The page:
The Tomatometer rating – based on the published opinions of hundreds of film and television critics – is a trusted measurement of movie and TV programming quality for millions of moviegoers. It represents the percentage of professional critic reviews that are positive for a given film or television show.
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The Tomatometer is 60% or higher.
The Tomatometer is 59% or lower.
Movies and TV shows are Certified Fresh with a steady Tomatometer of 75% or higher after a set amount of reviews (80 for wide-release movies, 40 for limited-release movies, 20 for TV shows), including 5 reviews from Top Critics.
Percentage of users who rate a movie or TV show positively.
[T]there are problems both with the tale, which was an awful lot more subversive 20 years ago than it is today, and the telling, which in contrast to Moore's radical experimentation is disappointingly staid and straightforward.
It wasn't that I wasn't engaged in some of the (many) story lines, it's just that there was never enough time spent with any particular one to so as to become emotionally involved ... which seem strange to say about a movie 165 minutes long.
... A bizarrely bleak blockbuster, as director Zack Snyder ("300") turns the rich, revisionist, justly praised, 12-part 1986 comic book into nothing less than an attempt to decode 20th century America through its pop culture and vice-versa.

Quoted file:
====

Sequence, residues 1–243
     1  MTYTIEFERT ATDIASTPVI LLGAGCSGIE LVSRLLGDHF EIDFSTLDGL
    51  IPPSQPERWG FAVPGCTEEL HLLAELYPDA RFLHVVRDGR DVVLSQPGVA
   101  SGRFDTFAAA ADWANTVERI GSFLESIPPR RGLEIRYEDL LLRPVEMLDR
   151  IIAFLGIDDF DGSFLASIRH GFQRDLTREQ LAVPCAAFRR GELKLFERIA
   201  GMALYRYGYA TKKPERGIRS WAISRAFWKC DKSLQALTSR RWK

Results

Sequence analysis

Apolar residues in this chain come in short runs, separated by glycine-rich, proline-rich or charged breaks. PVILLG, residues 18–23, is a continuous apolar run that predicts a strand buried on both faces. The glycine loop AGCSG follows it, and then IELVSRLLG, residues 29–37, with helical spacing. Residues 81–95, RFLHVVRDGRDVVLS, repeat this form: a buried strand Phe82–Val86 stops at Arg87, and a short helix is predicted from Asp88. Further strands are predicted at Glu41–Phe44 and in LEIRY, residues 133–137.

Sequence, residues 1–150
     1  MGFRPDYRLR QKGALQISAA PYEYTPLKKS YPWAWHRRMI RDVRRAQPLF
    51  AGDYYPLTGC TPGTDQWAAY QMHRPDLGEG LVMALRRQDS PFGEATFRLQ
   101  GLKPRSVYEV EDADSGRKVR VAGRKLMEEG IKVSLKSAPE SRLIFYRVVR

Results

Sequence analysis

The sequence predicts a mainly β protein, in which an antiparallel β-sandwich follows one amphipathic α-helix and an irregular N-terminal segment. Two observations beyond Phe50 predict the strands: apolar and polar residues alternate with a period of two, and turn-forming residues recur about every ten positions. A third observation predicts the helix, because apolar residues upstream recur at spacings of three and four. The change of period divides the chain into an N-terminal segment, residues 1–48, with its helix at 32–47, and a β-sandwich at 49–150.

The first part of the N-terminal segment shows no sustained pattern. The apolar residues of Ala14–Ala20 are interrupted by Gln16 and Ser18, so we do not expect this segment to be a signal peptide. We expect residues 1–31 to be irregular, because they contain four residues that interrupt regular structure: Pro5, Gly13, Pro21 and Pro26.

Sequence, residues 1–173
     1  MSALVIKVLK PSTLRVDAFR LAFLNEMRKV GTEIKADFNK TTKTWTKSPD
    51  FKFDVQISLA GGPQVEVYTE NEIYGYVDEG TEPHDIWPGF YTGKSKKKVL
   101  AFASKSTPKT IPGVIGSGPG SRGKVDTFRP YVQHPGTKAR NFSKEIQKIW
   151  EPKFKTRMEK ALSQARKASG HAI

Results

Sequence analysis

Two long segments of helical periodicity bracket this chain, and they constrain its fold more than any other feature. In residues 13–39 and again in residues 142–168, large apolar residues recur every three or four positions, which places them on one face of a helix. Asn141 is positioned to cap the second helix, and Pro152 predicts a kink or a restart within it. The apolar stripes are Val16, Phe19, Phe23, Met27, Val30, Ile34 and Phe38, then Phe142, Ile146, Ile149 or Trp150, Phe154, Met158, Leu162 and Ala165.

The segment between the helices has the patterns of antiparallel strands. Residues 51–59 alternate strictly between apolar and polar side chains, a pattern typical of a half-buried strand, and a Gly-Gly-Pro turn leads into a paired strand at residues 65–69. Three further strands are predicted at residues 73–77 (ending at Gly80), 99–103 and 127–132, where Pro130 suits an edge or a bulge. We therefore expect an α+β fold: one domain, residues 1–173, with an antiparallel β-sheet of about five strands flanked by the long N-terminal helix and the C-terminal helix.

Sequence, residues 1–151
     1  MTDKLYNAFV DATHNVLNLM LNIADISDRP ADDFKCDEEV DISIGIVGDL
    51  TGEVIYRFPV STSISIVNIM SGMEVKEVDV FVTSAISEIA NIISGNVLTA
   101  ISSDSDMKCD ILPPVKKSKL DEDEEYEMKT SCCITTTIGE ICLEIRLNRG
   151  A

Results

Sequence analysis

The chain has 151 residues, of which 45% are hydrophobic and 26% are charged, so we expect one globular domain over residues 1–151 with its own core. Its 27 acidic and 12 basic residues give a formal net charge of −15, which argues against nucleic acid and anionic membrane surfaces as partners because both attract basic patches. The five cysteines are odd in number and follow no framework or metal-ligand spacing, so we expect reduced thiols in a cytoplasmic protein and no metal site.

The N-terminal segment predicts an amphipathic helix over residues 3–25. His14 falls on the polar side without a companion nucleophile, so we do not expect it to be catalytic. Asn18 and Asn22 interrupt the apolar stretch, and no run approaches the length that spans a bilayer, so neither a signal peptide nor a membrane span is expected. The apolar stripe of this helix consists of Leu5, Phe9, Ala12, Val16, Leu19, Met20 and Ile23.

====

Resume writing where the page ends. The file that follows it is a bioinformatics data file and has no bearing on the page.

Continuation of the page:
Watchmen fans wondering whether their graphic novel has been ruined will be thrilled to see its key scenes reproduced with storyboardlike fidelity, but those who've never read it will be unlikely to understand what the big deal was in the first place.
Watchmen deserves credit for staying true to the characters, plot (up to a point), and look of the original material while still generating his own kind of energy, even though that energy sometimes feels misapplied and overcranked.
This movie will shake your windows and rattle your walls. At least it will for a couple of hours, before 40-odd minutes of draggy, comic-book exposition smother the wild, subversive superhero business that came before.
Snyder has been unable to create a satisfying tone for the proceedings. While the graphic novel played everything as realistically as it could, the film feels artificially stylized and inappropriately cartoonish.
Snyder has appropriated Moore's doomsday themes without any sense of how to animate them. That's the trouble with loyalty. Too little, and you alienate your core fans. Too much, and you lose everyone -- and everything -- else.
The movie is ultimately undone by its own reverence; there's simply no room for these characters and stories to breathe of their own accord, and even the most fastidiously replicated scenes can feel glib and truncated.